Construction Worker Injury Claims

New Scottish Court Planned for Personal Injury Claims

October 10th, 2012 | By News

A new court is to be set up in Edinburgh which will deal solely with personal injury claims in Scotland in line which recommendations made in Lord Gill´s review of Scotland’s court system.

The 2009 review showed that personal injury claims in Scotland – which can currently be heard in the Court of Sessions if their expected value is in excess of 5,000 pounds – were taking too long to process and the system was starting to become too expensive to maintain.

The news was greeted with general approval by trade union organisations and solicitors, who believe the new system will result in fairer and more consistent levels of personal injury compensation in Scotland when claimants have been injured in accidents at work, on the roads and in places of public access through no fault of their own.

Despite statistics showing no real increase in the number of personal injury claims in Scotland, one leading solicitor was quick to put down suggestions that the new court was needed because of a growing “compensation culture” in Scotland.

“‘Compensation culture’ is just a phrase that has been created to put people off making claims and save the insurance industry money” he argued. “You don’t stop claims by preventing people who are injured seeking just redress. You stop claims by preventing accidents in the first place.”

Legislation next autumn is anticipated to confirm the establishment of the new court and it is expected that its venue will revealed as Edinburgh´s Parliament House – where personal injury claims in Scotland are already heard by Court of Session judges, but who in future will be replaced with experienced Sheriffs.

Crush Injury at Work Compensation for Rig Worker

June 12th, 2012 | By News

A rig worker who sustained permanent debilitating injuries when he was crushed between a drill pipe and the derrick leg of the gas rig he was working on, has been awarded 4.1 million dollars in compensation for crush injury at work by a federal jury in Colorado.

Von Phathong (42) was working with by Houston-based Tesco Corp (US) as a “roughneck” (labourer) on a drilling rig at Rifle, Colorado, when the accident happened in December 2005. As he was helping with the change of heavyweight drilling pipe, the unsecured lower drill pipe swung into Von and crushed him up against the rig´s derrick leg.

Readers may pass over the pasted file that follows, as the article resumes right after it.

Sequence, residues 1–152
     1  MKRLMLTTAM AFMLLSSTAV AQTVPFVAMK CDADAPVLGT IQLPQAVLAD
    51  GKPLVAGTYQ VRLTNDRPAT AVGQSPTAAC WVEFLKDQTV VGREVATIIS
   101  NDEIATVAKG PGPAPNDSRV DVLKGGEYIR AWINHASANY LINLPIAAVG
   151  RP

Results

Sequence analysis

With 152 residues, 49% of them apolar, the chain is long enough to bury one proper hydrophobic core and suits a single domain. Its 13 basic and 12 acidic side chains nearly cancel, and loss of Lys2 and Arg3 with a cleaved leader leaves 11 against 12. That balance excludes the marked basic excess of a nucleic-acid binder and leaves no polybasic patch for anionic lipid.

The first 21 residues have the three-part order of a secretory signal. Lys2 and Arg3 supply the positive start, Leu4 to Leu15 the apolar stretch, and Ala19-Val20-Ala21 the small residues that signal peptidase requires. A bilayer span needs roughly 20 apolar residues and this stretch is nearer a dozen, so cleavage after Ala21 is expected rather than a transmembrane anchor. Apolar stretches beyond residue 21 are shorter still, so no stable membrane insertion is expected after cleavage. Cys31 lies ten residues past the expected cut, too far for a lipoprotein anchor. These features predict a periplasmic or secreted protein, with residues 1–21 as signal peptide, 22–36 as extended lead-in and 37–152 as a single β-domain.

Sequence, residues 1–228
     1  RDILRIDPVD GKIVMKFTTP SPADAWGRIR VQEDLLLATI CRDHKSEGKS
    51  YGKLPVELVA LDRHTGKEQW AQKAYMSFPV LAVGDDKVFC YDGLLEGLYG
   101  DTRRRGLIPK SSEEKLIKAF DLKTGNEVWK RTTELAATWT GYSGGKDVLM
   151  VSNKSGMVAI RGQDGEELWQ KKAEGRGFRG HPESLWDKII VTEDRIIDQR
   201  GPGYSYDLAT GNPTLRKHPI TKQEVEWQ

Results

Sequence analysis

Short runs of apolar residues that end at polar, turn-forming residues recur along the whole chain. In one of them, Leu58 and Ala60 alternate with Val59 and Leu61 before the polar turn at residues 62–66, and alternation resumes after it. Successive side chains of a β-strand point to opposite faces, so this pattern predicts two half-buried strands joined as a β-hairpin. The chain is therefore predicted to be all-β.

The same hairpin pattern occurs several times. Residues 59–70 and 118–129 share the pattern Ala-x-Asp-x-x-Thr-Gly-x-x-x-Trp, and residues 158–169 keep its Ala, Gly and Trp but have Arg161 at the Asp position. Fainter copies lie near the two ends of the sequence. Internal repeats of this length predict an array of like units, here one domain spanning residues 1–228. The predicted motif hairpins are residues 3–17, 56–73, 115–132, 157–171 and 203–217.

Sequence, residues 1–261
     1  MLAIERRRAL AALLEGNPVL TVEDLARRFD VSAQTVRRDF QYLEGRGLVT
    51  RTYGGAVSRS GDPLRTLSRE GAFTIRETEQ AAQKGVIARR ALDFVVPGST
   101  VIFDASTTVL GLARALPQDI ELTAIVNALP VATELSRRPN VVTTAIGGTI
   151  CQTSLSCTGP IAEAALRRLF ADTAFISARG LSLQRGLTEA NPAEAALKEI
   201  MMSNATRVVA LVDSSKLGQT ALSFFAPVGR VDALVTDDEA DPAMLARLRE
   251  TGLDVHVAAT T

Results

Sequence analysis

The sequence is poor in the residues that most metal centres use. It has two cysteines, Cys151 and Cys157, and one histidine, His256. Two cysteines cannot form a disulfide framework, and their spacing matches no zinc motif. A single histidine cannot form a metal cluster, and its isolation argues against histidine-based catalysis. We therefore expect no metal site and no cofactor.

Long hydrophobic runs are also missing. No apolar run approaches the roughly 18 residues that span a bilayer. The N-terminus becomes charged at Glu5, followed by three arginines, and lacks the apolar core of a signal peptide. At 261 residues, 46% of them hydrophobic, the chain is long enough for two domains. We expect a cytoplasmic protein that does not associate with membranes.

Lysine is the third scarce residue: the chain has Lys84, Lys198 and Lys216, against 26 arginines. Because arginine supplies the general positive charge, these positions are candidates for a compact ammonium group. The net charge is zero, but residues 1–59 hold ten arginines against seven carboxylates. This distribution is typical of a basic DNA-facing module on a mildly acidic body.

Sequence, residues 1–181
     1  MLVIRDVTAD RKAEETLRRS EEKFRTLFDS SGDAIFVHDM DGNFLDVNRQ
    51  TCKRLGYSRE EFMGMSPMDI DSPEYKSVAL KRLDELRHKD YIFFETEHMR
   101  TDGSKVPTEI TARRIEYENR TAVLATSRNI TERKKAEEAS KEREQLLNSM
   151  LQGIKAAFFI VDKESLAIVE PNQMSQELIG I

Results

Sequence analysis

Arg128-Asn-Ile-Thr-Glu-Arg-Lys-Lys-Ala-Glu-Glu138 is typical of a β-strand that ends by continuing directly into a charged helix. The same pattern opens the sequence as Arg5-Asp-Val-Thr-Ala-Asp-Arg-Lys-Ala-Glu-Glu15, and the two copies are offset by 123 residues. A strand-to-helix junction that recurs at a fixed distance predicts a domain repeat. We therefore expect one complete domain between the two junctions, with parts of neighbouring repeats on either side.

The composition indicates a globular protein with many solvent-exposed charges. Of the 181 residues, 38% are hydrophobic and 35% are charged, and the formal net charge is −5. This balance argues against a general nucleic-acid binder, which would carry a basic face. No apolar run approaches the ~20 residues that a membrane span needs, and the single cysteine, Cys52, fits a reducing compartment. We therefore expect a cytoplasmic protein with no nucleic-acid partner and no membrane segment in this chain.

Von suffered many spinal breakages and herniated cervical discs and will never be able to work again because of the pain he experiences whenever he moves. After being sent home from hospital, Von sought legal advice about claiming compensation for a crush injury at work and, as Tesco Corp (US) denied their liability for Von´s injuries, the case was heard before the United States District Court for the District of Colorado.

In court, Von´s solicitors showed proof that the “crossover sub” which was being used to connect the two drilling pipes had the wrong thread and the supervisor on the rig had tried to use a powerful top-drive to force the thread of the crossover sub and the drill pipe together. It was also revealed that the drill pipe which caused Von´s injuries should have been secured before the operation was begun.

Further evidence at trial showed that Tesco Corp´s health and safety was the worst ever seen by a drilling expert brought in to back up Von´s claim for crush injury at work compensation and that the site worked on a culture of “intimidation and fear”. The jury at the United States District Court for the District of Colorado found Tesco Corp (US) 90 percent liable for Von´s injuries and awarded him 4.1 million dollars in accident compensation for a crush injury at work

Increase in Work Deafness Compensation Claims

May 29th, 2012 | By News

One of Europe´s largest work injury insurer´s – Zurich Insurance – has showed that work deafness compensation claims increased by almost 25 percent in the UK during 2011.

The insurance company alleges that part of the significant increase in claims from employees seeking compensation for work deafness is due to the advertising of claims companies targeting this particular industrial disease; but personal injury solicitors have pointed to a recent change in the law which lowered the noise threshold above which employees could claim hearing injury compensation.

The Health and Safety Executive has estimated that more than one million employees in the UK are exposed to severe levels of noise at work, and the TUC claims that 170,000 people suffer deafness, tinnitus or other ear injury due to being exposed to excessive noise at work.